The Minister of Justica, Dr Dominika Švarc Pipan on 28 June 2022 responded to the invitation of the Ombudsman, Peter Svetina, and received the 2021 report from him at the premises of the Ombudsman's institution. In a short interview, the Ombudsman pointed out that, although the number of cases dealt with in the broader area of justice had again slightly increased, this was mainly due to cases dealt with at the entry point, which did not require a more in-depth substantive examination. "Many people come to the institution I lead because they are dissatisfied with court decisions and expect me to overturn them. A proper explanation of our competences and guidance on how to seek justice is often enough, even if it does not impress them", said the Ombudsman.
The Ombudsman considers the responsiveness of the competent authorities in dealing with petitions to be good and considers that a trial within a reasonable time is no longer a systemic problem. "However, the assessment of the work of the judiciary cannot be based only on the number of such petitions to the Ombudsman or on their merits. The overall picture of the functioning of the judiciary is reflected elsewhere, including in the speed and quality of judicial decisions that lead to the epilogue and justice," the Ombudsman stressed.
The Ombudsman does not deal with petitions before the courts, but only exceptionally in open court proceedings may he intervene as a friend of the court (amicus curiae) under Article 25 of the Human Rights Ombudsman Act. "In this role, we have drawn the attention of one of the courts to the need to be vigilant in assessing the possible existence of a conflict of interests between minor victims and their mothers, or in assessing what is in the interests of the minor victims themselves," the Ombudsman informed Minister Švarc Pipan.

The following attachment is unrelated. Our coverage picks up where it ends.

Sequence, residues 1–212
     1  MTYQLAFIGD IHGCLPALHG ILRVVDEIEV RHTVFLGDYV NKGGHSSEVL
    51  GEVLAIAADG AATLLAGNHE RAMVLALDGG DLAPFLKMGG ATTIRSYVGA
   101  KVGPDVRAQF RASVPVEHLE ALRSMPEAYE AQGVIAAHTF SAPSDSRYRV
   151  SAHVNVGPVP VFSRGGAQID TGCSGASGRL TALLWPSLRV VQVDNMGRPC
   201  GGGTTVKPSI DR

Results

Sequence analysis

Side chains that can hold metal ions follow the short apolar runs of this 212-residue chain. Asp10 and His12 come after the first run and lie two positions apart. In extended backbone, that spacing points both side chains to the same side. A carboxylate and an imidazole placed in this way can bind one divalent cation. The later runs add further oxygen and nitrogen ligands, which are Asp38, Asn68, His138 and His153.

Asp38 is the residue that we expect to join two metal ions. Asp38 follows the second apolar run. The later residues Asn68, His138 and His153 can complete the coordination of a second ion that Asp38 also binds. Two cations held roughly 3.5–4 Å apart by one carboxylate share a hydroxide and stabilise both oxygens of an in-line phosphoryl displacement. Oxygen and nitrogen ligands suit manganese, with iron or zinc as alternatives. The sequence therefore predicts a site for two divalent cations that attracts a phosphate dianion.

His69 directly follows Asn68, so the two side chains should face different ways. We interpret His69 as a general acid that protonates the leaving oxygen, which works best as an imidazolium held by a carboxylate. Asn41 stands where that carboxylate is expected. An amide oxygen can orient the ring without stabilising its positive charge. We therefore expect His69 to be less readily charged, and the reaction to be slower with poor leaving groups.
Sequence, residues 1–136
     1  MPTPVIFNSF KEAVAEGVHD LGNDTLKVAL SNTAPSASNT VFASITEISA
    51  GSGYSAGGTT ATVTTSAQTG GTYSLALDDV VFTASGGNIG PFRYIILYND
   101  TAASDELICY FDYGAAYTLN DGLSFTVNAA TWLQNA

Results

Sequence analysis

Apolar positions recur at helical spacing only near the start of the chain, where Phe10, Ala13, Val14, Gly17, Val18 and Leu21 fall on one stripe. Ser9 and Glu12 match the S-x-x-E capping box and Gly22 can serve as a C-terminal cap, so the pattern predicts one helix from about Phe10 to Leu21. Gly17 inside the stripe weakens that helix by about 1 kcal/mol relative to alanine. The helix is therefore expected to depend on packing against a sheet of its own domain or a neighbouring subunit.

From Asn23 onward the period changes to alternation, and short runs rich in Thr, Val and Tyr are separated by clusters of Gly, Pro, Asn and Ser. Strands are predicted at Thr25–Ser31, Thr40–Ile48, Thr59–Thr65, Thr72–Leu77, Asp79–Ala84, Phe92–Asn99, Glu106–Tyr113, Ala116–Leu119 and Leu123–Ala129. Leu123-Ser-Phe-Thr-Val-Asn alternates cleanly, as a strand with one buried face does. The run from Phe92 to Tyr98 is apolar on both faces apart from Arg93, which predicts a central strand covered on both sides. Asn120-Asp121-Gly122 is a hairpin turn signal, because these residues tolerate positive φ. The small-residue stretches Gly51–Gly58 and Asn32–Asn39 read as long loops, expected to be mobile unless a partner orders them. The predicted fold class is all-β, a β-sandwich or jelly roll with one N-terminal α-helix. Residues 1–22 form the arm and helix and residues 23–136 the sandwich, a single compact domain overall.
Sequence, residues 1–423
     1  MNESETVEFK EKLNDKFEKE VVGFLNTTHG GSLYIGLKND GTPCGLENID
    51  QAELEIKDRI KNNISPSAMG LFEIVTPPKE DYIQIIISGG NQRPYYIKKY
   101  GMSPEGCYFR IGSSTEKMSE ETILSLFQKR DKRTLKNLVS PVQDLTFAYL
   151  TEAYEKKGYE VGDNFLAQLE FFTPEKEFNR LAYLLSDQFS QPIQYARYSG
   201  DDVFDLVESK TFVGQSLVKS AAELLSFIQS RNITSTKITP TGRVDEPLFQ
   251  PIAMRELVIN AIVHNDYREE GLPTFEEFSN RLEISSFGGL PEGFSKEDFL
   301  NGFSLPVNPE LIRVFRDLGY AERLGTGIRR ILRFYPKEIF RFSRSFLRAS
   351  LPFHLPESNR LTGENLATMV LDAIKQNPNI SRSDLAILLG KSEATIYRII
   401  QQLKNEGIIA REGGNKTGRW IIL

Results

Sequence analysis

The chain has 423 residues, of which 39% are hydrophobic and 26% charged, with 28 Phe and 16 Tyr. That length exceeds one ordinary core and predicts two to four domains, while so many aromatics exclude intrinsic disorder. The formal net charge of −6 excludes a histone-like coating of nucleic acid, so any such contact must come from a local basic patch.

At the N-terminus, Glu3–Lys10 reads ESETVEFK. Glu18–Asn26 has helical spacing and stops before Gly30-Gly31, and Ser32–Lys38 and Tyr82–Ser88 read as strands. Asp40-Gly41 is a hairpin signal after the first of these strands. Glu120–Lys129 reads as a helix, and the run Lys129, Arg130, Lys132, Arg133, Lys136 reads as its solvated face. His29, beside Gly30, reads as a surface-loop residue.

The Ombudsman also noted the impact of the pandemic on the functioning of the courts, as the measures taken had the effect of increasing the length of individual court proceedings. He therefore expects the judiciary to continue to focus on addressing the consequences of the pandemic. Raising public confidence in the functioning of the judiciary remains one of the challenges, and unjustified discrediting does not contribute to this, according to the Ombudsman. "In order to ensure the success of the courts, efforts must also continue to improve the legislation that underpins the functioning of the judicial branch of government and to address space and staffing problems in the judiciary," says Ombudsman Svetina.
The Ombudsman assessed as positive the progress in the enforcement of ECHR judgements, as according to the Ministry of Justice, there are 'only' three judgements still outstanding. "However, the situation is unsatisfactory regarding the enforcement of decisions of the Constitutional Court of the Republic of Slovenia, in which the number of unexecuted cases has been constantly increasing over the last few years. At the end of 2021, 23 decisions of the Constitutional Court had not been implemented," the Ombudsman regrets.